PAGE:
Areas: Cottontails can be found unit-wide, but there are a few hot spots. Desert grassland habitat with lots of prickly pear, such as that found in the southern portion of the unit holds good cottontail populations. The Gila and San Pedro Rivers both flow through the unit and both have good stretches of riparian vegetation. These areas are a good bet as well as the many washes that drain into each waterway. While these habitat types hold the highest concentrations of cottontails in the unit, remember that you can find them anywhere.
Cottontails can be hunted year round and provide excellent sport during the off-season. Cottontails hide in thick brush during the hot hours of summer. Focus your activity during the cooler morning hours when they are the most active.

Off-road travel is prohibited. As a general rule, a route must show a clear history of use to qualify as a road.
back to top

Overview: Some good shooting is usually available around the many stock tanks. Monsoon rains tend to scatter the birds just before the first season opens and these water holes are often not as productive then as they will be in the late season. The Gila River bottom near Florence, Stock Tanks in the interior of the unit, and grain fields along the San Pedro river are all places to try your luck for doves.

Areas: Once you've located a stock tank worthwhile to hunt, remember not to camp within a quarter mile of water.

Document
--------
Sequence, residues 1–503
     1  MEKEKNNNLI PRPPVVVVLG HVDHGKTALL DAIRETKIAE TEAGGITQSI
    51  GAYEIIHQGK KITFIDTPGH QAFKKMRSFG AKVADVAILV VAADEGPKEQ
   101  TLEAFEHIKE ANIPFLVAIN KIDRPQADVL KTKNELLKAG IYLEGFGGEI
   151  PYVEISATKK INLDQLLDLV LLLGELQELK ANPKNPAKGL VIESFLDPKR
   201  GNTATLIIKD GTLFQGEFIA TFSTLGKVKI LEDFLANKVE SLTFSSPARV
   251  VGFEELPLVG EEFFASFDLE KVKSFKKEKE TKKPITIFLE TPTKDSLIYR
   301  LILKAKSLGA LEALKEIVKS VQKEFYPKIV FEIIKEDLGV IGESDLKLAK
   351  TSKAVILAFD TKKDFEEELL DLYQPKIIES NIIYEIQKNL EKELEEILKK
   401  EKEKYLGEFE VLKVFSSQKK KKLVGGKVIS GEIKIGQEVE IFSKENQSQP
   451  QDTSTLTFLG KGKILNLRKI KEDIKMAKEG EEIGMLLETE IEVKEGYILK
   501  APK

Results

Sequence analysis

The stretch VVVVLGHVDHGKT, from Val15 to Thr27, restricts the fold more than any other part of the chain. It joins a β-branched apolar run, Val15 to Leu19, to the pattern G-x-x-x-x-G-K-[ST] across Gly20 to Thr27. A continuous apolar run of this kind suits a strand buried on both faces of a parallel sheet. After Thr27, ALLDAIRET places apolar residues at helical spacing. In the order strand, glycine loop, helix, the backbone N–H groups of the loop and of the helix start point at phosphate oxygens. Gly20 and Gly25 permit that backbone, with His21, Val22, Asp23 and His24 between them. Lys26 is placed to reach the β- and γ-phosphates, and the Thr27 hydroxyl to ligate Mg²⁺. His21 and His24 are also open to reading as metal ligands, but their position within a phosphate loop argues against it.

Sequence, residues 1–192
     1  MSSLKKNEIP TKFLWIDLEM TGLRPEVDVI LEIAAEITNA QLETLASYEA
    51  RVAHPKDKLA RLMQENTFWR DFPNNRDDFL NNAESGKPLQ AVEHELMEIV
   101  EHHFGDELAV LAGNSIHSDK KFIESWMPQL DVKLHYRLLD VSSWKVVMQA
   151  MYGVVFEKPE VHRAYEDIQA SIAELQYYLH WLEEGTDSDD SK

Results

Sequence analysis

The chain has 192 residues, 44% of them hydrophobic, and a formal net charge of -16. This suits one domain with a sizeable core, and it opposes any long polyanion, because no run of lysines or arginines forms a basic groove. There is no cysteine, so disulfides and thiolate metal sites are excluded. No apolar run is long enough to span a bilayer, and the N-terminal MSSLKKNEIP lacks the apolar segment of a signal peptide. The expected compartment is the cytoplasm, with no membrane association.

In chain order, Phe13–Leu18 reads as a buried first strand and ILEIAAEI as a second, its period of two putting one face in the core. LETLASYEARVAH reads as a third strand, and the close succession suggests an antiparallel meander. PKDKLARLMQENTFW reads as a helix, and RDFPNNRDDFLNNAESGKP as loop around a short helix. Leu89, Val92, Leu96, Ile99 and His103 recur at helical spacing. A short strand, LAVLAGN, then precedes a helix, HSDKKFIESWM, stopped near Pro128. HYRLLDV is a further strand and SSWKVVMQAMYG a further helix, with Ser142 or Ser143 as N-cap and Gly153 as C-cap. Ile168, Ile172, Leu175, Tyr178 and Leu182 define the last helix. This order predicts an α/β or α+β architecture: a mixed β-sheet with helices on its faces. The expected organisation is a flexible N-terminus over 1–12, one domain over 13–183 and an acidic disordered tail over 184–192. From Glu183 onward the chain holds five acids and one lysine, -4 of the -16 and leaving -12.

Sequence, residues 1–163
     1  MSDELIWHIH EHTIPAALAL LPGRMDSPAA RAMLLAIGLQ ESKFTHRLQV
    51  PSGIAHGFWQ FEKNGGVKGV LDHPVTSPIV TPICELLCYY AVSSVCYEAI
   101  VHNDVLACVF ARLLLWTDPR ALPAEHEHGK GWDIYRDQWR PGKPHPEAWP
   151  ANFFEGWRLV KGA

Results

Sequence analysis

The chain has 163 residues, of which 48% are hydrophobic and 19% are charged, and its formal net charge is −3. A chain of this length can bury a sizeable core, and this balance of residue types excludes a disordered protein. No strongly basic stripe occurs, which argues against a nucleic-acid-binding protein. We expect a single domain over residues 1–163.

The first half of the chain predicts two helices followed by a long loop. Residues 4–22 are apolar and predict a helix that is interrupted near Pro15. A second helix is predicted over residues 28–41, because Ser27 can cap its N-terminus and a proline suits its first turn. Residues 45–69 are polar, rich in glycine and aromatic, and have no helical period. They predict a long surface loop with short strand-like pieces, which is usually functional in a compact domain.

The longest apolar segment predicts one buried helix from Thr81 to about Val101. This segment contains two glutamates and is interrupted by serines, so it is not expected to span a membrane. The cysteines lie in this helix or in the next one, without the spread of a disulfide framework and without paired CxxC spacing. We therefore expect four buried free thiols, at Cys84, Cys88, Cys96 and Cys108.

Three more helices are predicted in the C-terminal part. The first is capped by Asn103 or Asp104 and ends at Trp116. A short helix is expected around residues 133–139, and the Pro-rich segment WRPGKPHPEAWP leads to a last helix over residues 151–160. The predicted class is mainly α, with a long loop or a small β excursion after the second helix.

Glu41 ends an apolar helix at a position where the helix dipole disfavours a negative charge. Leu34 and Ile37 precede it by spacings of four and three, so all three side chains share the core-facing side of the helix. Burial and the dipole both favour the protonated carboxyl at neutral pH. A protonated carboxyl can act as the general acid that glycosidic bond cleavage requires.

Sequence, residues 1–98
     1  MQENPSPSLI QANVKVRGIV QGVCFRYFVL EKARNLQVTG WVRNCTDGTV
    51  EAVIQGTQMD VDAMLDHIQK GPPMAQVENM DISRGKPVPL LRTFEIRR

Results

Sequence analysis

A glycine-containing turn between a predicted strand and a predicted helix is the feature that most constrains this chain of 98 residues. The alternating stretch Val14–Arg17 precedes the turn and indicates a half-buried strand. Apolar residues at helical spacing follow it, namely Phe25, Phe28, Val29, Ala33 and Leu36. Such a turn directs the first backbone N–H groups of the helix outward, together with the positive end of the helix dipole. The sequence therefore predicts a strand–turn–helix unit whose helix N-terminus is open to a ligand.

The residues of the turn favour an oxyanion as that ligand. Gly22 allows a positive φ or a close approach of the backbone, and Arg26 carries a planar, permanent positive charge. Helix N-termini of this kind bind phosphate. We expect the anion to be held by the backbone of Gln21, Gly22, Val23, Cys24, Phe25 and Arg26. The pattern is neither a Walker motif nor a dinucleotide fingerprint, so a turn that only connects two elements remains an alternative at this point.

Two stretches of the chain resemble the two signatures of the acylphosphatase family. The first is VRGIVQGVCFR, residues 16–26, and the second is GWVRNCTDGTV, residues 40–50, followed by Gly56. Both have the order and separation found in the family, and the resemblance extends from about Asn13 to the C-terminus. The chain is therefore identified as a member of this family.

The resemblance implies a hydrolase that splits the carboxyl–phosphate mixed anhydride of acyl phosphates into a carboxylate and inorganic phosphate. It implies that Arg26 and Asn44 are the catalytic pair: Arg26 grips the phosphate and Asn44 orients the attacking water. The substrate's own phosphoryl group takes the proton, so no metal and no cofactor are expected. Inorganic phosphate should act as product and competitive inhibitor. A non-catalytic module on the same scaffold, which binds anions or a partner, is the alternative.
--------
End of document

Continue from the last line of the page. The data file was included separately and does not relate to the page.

Be mindful of other hunters. When it comes to tank hunting, it’s "first come first serve."  If other hunters are at the tank first, be courteous and find another tank or at least get far enough away so as not to interfere with them. Crowding a stock tank is not only rude, it is dangerous. Please pick up all your spent shotshells because they are litter.
back to top

Overview: Quail hunting is typically quite good following average or above average precipitation years. Good coveys exist unit wide for anyone willing to get off of the road and work lower elevation wash bottoms.  Many of these areas have lots of cactus which can be difficult for those of you using dogs.

Areas: One of the most popular areas to hunt is in the southern third of the unit, but beware not to trespass on posted private property. Some land is posted closed to hunting; other parcels are open. You may access this area from the south at milepost 96 off Highway 77 or through the sign-in gate at the Falcon Valley ranch off Highway 79 at milepost 93 north of Oracle Junction. Access is also available via Freeman Road, which crosses the unit from Highway 79 at milepost 112 to Dudleyville off Highway 77. Though most of the true semi-desert grassland has been converted to a brushier shrub community that Gambel's quail prefer, a limited population of scaled quail exists in the healthiest sections of the grasslands. These birds provide a welcome addition to the game bags of hunters seeking Gambel's quail.

There is also good access to quail hunting from Highway 79 on Freeman Rd., 96 Ranch Rd., and Florence-Kelvin Highway For those who don't mind hunting quail in steep terrain, try the Mineral Mountain area north of the Gila River.
Shotgun magazines do not require being plugged to hunt quail.  Your shotgun is allowed to hold more than 3 shells for hunting quail and rabbits.  Pick up you empty shot shells because they are litter.

Off-road travel is prohibited. As a general rule, a route must show a clear history of use to qualify as a road.
back to top
Unit Summary
Primary Game Species/ Hunting Month(s)
Quail October-February
Mule Deer October-January